The first of these new Beam Wireless Stations in England was installed at Leafield in Oxfordshire. Interest in this location began in the year 1912 when Marconi conducted experimental wireless transmissions in Morse Code. The partially built location was protected by the Home Guard during World War I, and a massive high powered longwave spark wireless station was installed in 1922 under the callsign GBL. Soon afterwards, electronic transmitters were installed, and these were on the air on shortwave under the callsigns GBM and GBO.
During World War II, Leafield was an important communication station, and in the 1960s it was upgraded and modernized, mainly for maritime communication, and it became one of the major stations known as Portishead Radio. The receiver station for Leafield was located at Devizes in Wiltshire. This Leafield station was finally closed in 1986 and the property was sold to a local college. Soon afterwards it was sold again, and it is now in use as a closed circuit for motor car racing.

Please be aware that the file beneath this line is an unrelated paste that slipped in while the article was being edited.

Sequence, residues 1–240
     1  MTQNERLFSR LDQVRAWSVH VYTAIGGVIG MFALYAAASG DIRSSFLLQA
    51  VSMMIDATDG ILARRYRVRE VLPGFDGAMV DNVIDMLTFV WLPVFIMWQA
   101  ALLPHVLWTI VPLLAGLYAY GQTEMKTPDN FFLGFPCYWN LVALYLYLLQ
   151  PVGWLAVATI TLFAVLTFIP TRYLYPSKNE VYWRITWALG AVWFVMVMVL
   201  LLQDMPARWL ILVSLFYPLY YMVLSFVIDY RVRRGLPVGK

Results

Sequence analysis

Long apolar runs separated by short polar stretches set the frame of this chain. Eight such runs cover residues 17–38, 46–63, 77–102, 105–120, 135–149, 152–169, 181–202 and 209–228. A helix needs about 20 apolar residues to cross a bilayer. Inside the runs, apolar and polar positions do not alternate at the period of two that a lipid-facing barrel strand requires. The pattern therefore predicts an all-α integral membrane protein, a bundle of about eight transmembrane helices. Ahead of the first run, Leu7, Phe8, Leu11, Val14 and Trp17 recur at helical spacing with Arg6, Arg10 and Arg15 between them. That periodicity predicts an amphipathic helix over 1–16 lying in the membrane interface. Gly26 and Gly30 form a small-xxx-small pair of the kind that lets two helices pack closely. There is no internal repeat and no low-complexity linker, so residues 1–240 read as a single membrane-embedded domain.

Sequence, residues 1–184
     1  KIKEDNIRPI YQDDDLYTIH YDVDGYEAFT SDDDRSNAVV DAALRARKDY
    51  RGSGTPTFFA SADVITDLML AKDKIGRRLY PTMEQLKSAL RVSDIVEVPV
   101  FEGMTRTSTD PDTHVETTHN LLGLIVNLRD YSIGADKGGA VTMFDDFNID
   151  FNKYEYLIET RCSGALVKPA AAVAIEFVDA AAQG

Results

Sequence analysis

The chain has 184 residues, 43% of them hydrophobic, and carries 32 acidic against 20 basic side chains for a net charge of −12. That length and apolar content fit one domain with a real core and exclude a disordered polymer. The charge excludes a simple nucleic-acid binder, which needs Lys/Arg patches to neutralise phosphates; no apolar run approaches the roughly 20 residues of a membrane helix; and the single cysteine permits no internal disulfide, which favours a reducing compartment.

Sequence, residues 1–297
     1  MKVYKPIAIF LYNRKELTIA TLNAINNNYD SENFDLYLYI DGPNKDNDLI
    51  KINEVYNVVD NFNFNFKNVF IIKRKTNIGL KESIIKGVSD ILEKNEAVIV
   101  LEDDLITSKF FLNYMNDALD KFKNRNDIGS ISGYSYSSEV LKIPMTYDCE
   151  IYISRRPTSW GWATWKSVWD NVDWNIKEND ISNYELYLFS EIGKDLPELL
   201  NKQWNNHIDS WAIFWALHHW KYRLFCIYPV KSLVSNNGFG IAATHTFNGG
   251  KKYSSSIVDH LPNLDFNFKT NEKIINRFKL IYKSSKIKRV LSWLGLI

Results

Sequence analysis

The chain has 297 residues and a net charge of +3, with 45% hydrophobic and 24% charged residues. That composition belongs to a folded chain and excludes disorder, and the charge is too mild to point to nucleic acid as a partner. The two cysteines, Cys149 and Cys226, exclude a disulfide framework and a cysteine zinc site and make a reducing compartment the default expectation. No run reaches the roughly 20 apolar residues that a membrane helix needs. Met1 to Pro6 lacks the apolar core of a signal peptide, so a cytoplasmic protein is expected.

Another Beam Wireless Station was installed at Bodmin in Cornwall and this station served as the England terminal for communication with Canada and South Africa under the callsigns GBJ and GBK. This station was opened for service at the end of a week long series of test transmissions in October 1927. The receiver station for Bodmin was located at Bridgewater.
During the late 1930s, the equipment at this station was dismantled, removed, transferred and re-erected at Dorchester, as a safety procedure due to political developments on continental Europe.
Another important Beam Wireless Station was erected at Grimsby in Cornwall in 1927. This was a very large station with a series of curtain antennas stretching for one mile. In actual reality, this was a double station with twin 20 kW transmitters. The Grimsby side communicated with Australia, and the Tetney side communicated with India.
This station was established and operated by the Marconi Company, and it was later taken over by Cable & Wireless. The callsigns in use at Grimsby-Tetney were GBH and GBI, and the receiver station was located at Winthorpe.